Do Dietary Saturated Fats Increase the risk of heart disease?-By Dr Harold Gunatillake
At the onset, I would like to impress upon you that eggs and saturated fats have been slandered as bad for your good health and wellbeing of all humans.
Then research studies showed that cholesterol being a saturated fat, amounting to 373mg per egg, does not seem to raise cholesterol levels in the blood the way other cholesterol-containing foods do, such as trans fats and saturated fats.
An egg has 11 grams of fat, of which only 3.3g are saturated.
Repeating the role, dietary cholesterol as it relates to a person’s total blood cholesterol count appears to be smaller than previously thought.
Family history may have much more to do with your cholesterol levels than how much dietary cholesterol is in your food. The bigger threat to your cholesterol levels is food that is high in trans fats and saturated fats.
Today, you do not have to worry with no guilt to enjoy 2 eggs per day to a maximum of 6 per week.
It has been previously suggested that individuals with type 2 diabetes, or at risk, may need to limit their intake of eggs or dietary cholesterol intake, due to observational evidence of an association between higher egg intake-7 eggs/week (in most studies)) and an increased risk of cardiovascular disease While some evidence indicates a link, two recent observational studies in US and UK adults found no evidence of an association between dietary cholesterol or higher egg intake and CVD in individuals with pre-diabetes or type 2 diabetes.
On the other hand, one recent longitudinal study in Korean adults indicated an increased risk of CVD amongst individuals with type 2 diabetes who consumed more than 4.2 eggs per week.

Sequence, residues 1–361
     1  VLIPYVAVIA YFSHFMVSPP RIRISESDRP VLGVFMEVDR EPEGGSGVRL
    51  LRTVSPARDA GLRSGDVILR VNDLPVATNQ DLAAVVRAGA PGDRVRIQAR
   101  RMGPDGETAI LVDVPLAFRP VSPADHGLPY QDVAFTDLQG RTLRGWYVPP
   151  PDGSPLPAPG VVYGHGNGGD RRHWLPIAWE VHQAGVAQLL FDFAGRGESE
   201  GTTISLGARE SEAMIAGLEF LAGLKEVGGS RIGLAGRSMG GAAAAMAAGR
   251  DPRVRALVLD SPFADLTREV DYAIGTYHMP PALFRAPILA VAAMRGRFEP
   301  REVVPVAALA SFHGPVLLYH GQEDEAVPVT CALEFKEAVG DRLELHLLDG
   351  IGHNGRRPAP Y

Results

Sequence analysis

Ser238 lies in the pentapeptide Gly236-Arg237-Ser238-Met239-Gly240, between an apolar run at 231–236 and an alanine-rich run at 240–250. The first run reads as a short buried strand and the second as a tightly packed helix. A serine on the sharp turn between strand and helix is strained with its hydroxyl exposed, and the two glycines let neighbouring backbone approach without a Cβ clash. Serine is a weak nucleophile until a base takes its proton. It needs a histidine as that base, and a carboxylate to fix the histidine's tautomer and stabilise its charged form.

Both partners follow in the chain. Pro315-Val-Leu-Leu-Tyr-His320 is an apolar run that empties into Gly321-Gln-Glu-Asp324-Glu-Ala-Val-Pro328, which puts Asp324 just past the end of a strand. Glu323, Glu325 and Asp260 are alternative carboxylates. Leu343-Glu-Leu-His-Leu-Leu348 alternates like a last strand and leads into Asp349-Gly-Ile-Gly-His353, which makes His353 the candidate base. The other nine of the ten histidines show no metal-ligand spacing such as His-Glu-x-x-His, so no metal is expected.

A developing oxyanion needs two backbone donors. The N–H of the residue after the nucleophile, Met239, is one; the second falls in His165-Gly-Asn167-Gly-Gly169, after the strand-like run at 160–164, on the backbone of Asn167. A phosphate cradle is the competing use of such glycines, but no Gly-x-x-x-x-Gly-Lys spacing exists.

It is our opinion, that so long as your diabetes is well controlled there is no harm eating as many eggs per week.
Dietary saturated fat is solid at room temperature, which is why it is also known as “solid fat.” It is mostly in animal foods, such as milk, cheese, and meat. …
Trans fat is a fat that has been changed by a process called hydrogenation, one should limit to a minimum its consumption, in readymade foods and frozen foods. They are made from vegetable oils
Unsaturated fats are predominantly found in foods from plants, such as vegetable
Eating saturated fat doesn’t increase the risk of heart disease or type 2 diabetes. However, partially replacing saturated fat with polyunsaturated fat may help reduce the risk of heart disease, especially in men.
Does saturated fat reduce heart disease, when it was believed for many decades, like eggs?
Eating higher amounts of saturated fat is linked to elevated low-density lipoprotein (LDL) or “bad” cholesterol, which increases risk of cardiovascular disease
The review found that cutting down on saturated fat led to a 21% reduction in the risk of cardiovascular disease (including heart disease and strokes) but had little effect on the risk of dying. The review found that health benefits arose from replacing saturated fats with polyunsaturated fat or starchy foods.
This is the diet- heart hypotheses theory, which states that saturated fat raises LDL or bad cholesterol in the blood, which then supposedly lodges in the artery and cause heart disease.
This hypothesis has never been proved, just handed over the mythical story and guidelines are based on this theory.